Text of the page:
Sunday Music: Lefsetz and Kanye

I know I don’t stand alone with the idea that the pace of these Kanye releases, as well as the length of them, makes them stand out from anything else you see Taylor, Beyoncé, Sheeran, or other massively popular artists doing. In their defense, they’ve all found their own niches that are well worth discussing separately, but Kanye’s got a special place as a combo producer / artist that makes this recent run worth analyzing.

We have to start with this insight from Bob Lefsetz, who gives some historical context. It’s worth quoting him directly:

Let’s review history.

Albums came from 78s, a collection was called an “album.”33 1/3 LPs contained twenty five to forty minutes of music and were then called “albums.”

CDs held 80 minutes of music and by god, the players filled them with execrable crap, justifying robbers on Napster who were sick of overpaying for one good track.

And now we’ve got streaming and an album can be INFINITE!

Think about that, it allows you to reinvent the format. Do you really want to put out 80 minutes of music in an era where even babies are overscheduled? No, you need to make it bite-sized, digestible.

Applying Lefsetz’s logic, we can infer some classic “the medium is the message” -type awareness. To oversimplify for the unfamiliar, that basically means that the medium itself is inseparable from the messaging. We can’t talk about the songs without the collection without the way the songs and collection are consumed.

By releasing these short collaborative efforts in rapid succession, Kanye is deliberately shifting the way we think about the modern musical collection (whether that’s as an album, a standalone single, or the playlist format). The environment and context are changing the art, while at the same time, the art is changing the environment and context it fits into.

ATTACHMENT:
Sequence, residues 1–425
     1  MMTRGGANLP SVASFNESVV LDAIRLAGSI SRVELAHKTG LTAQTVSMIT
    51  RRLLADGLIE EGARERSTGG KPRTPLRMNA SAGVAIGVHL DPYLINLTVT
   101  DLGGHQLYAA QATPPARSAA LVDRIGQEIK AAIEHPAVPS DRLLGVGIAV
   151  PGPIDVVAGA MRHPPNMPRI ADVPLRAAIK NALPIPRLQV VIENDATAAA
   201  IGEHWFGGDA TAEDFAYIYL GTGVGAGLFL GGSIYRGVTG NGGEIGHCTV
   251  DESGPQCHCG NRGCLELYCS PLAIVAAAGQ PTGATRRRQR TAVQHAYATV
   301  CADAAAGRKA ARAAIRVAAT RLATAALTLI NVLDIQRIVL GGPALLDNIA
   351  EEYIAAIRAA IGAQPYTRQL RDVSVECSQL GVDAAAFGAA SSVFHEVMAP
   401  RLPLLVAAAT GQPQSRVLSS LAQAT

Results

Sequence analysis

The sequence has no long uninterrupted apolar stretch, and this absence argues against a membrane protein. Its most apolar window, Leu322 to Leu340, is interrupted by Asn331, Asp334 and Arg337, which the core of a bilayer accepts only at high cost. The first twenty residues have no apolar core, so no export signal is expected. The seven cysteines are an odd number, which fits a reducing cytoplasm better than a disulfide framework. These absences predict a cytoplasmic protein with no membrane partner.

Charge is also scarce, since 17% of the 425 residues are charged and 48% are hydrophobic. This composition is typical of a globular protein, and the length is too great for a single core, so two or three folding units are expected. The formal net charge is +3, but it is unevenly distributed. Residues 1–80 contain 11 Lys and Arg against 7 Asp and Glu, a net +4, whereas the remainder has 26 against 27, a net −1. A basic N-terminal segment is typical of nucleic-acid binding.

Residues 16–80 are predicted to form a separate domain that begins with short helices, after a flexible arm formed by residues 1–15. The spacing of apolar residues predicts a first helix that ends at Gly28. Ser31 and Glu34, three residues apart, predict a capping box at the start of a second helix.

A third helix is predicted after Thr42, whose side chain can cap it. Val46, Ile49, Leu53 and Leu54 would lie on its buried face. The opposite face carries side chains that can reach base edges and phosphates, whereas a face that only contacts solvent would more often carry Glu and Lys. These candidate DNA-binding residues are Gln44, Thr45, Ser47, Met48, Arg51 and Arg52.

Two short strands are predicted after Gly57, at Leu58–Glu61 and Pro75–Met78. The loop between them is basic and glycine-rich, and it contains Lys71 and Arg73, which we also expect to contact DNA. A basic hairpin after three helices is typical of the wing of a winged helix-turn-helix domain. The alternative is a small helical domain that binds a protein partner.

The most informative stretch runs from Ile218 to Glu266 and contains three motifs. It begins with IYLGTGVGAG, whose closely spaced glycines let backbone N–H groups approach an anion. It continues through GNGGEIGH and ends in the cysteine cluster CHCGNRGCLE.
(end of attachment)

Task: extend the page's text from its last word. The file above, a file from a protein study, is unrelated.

Add to those comments that the technology-collapsing writing, recording, producing, marketing and releasing cycle has never been shorter (he took the album cover photo for ye on his way to the record release party as one example), and you realize how ripe the opportunity is for someone like Kanye to pull this off.

In a playlist-dominated, hit-single, no-album-required, viral-TouTube-clip, tweet-length, instagram-captioned world, West’s approach fits. It actually makes you wonder if the old way is really even still appropriate, let alone relevant save for specific types of albums (like To Pimp A Butterfly, which seems to have more in common with a movie than most modern albums).

The message shapes the medium and the medium shapes the message. Kanye is on the vanguard, again. Maybe it’s not pushing music’s boundaries, but he is establishing different rules for us to judge the work by.

Speaking of judgement, can we compare it to his prior works? It doesn’t feel fair to – and I think that’s part of the point.

Life of Pablo was still in the old world but too scattered, and that’s part of why it felt unpolished (my opinion) compared to My Beautiful Dark Twisted Fantasy. It’s almost like Kanye was ready to shift but didn’t quite know how to yet. Fantasy was a much more complete “album” by the old-definitions, in the way that it felt cinematic like Butterfly, while Pablo felt like a mish-mashed playlist, lost in its own shuffle-mode.

As for the new music, I personally loved Daytona. That’s an easy A. I’d give ye a C, and Kids See Ghosts a B or B+ (still digesting it). I can’t wait for the Nas tracks. My bias has become to favor less Kanye lyrics in favor of more Kanye music (the samples so far have been good). Either way, this is all about using a format that allows him to give us plenty of each.

Whatever your take on Kanye is, recognize how he is adapting the delivery mechanism to his supersized life, and capturing everyone’s attention along the way. This medium may be his most significant contribution to music in some time.